In Defense of Sophistication

Soon turning into a rant against pundits

Via Andrew Gelman come a piece by American Enterprise Institute writer Steven Hayward on "The Irrelevance of Modern Political Science" and a response from John Sides. I am in no position to defend current Amercian political science, but Hayward's point is of relevance for the social sciences, and indeed epistemology, more generally.

Hayward writes:
The real problem with academic political science is its insistence on attempting to emulate the empiricism of economics and other social sciences, such that the multiple regression analysis is considered about the only legitimate tool of the trade. Some regressions surely illuminate, or more often confound, a popular perception of the political world, and it is these findings Klein rightly points out. But, on the other hand, I have often taken a random article from the American Political Science Review, which resembles a mathematical journal on most of its pages, and asked students if they can envision this method providing the mathematical formula that will deliver peace in the Middle East. Even the dullest students usually grasp the point without difficulty.
The silliest stuff first. Responds Gelman:
[T]he U.S. Army didn't deliver peace in the Middle East either, and at a far higher budget than the American Political Science Association!
More to the point, first, it is a bit mysterious why multiple regression analysis, which Hayward seems to consider the latest in statistical sophistication, should be less appropriate for political science than for "economics and other social sciences". (Is he thinking of Queer Studies?) Second, if maths is used, that's somehow not okay, though he never explictly says why. Third, the ultimate test for the veracity of a statement is whether the dullest students - not the brightest, the dullest - agree with it.

I have no doubt that there is an overuse of fancy mathematical methods in some social science work and have derided such excesses on the pages of this very blog. But to conclude that something must be wrong, or at least irrelevant, because it is hard to understand is utterly silly. Even when the topic is something relatively simple as the weather, scientists reach for the simplifying tools of mathematical modeling; shouldn't we expect these tools to be even more needed when the topic is a system as complicated as a polity? Should the criterion for using a method be whether Steven Hayward can understand it?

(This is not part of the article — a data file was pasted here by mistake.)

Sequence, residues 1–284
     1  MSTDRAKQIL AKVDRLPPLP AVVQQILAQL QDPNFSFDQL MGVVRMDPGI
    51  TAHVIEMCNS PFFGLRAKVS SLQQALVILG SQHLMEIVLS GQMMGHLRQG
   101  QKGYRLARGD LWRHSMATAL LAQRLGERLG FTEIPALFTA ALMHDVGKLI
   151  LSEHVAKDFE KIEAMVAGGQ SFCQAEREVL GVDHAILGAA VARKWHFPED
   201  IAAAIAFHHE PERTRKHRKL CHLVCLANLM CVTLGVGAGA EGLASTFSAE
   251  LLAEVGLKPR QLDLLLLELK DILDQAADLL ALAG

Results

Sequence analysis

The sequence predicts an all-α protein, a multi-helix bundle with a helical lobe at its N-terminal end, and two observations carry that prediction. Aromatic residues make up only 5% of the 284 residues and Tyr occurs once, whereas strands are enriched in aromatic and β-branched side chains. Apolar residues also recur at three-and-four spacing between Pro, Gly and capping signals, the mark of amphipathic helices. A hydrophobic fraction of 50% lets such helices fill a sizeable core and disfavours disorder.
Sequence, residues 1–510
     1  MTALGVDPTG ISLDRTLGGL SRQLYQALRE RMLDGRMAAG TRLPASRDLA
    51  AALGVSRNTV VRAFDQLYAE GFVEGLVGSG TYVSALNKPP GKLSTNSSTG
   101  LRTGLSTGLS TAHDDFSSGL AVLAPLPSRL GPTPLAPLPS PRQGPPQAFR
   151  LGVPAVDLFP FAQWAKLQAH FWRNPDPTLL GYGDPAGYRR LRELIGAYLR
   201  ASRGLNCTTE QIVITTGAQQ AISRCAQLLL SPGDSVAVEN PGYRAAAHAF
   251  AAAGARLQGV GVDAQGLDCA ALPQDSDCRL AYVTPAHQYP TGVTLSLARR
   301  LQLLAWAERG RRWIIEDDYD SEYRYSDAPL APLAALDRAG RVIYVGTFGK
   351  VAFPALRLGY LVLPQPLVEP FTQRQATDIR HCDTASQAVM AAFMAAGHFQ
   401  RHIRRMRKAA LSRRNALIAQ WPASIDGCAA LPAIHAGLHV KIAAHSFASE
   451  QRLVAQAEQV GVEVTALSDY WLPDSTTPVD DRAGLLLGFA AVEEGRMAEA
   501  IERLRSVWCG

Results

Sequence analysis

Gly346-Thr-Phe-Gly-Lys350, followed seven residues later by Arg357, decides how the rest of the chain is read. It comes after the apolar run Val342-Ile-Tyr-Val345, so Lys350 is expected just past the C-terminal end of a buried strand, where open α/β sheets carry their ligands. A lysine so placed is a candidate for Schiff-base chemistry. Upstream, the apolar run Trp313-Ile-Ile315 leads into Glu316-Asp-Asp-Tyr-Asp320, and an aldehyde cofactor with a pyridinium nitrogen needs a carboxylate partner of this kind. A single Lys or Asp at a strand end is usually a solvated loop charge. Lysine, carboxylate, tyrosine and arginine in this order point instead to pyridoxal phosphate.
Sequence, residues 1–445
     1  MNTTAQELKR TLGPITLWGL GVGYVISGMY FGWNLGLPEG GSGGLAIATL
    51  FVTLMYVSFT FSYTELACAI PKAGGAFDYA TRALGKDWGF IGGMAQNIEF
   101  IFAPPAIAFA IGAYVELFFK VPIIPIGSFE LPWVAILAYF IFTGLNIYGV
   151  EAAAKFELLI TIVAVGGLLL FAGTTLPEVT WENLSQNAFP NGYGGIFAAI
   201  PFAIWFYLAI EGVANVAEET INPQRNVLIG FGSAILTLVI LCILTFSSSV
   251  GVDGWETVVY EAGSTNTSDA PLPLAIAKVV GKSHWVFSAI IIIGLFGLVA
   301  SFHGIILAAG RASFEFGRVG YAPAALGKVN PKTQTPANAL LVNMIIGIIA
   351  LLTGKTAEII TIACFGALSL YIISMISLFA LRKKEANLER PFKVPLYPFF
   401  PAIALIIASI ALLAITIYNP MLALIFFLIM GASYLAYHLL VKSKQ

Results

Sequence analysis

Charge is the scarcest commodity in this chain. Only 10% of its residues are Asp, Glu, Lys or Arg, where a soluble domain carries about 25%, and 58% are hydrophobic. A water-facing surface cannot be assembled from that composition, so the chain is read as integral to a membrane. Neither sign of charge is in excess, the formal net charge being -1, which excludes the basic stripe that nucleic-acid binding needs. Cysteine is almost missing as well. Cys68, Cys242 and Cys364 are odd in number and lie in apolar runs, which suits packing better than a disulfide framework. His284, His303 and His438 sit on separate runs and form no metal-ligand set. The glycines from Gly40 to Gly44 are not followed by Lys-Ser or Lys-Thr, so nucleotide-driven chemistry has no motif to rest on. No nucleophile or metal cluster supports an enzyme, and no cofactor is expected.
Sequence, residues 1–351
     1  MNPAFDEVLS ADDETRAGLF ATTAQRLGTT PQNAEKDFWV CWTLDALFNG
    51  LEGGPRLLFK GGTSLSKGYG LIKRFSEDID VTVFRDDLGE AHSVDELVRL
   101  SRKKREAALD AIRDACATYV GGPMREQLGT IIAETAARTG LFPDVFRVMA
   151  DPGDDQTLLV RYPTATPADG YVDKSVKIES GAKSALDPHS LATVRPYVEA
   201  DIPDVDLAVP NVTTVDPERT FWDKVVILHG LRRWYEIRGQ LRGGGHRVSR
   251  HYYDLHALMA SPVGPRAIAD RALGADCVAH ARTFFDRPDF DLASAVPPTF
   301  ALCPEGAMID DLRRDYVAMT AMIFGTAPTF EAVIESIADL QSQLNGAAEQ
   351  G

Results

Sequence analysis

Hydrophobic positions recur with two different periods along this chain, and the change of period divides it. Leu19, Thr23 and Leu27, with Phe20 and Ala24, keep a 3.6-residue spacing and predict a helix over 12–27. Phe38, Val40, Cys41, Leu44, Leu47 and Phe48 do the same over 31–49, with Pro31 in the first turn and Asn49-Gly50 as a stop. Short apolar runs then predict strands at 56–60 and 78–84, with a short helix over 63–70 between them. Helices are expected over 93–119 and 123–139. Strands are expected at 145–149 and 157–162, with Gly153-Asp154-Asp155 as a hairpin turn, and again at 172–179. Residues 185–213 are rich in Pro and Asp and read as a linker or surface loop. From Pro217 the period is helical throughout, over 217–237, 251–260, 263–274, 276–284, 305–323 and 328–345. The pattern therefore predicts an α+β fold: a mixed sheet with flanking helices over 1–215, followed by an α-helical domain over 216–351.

The fact of the matter is that some stuff is genuinely hard to understand. Students don't spend a lot of time learning stuff for no reason. Political scientists, hopefully, are the experts for understanding the methods that are deemed appropriate for the study of politics by their peers. No wonder Tom, Dick or Steven Hayward can't understand them - presumably he doesn't understand the contents of your average condensed matter physics journal either.

The right has no monopoly on the if-it's-hard-to-understand-it-can't-be-right heuristic. Here's Barbara Ehrenreich on a paper on the development of female happiness:
Only by performing an occult statistical manipulation called "ordered probit estimates" do the authors manage to tease out any trend at all
Comments Justin Wolfers, co-author of the paper in question:
O.K., so her first criticism is that we use an appropriate statistical technique for dealing with ordered responses
One might, of course, want to criticize the use of ordered probit regression on the data at hand. But Ehrenreich is in no position to do this. All she knows is that she's never heard of it, which is what "occult" means in the sentence above.

This leads us to a strange phenomenon to be observed in the US media. It is common over there to employ writers as pundits who churn out opinions on everything from evolutionary psychology to global warming. I have a hard time thinking of anyone who would be qualified to write on both topics, let alone all of those in between. Yet this appears to be of no concern to the writing hands.

If they were honest, pundits in papers and on the web would routinely have to produce paragraphs like the following:
So, what about the death penalty - am I for or against it? Well, an important question in this respect is whether or not it saves lives. This question is studied by scholars from a number of social science disciplines, and I had a look at some of their research. But, frankly, their debates soon turn to questions such as the assumptions behind "exclusion restrictions" for "instrumental variables regressions", and this stuff is over my head. So I declare ignorance. As a consequence, I don't have any strong views on the death penalty.
But a pundit - a glorified bloke at the bar - knows no uncertainty. On and on and on he opines. Ignorance is bliss. Finis.

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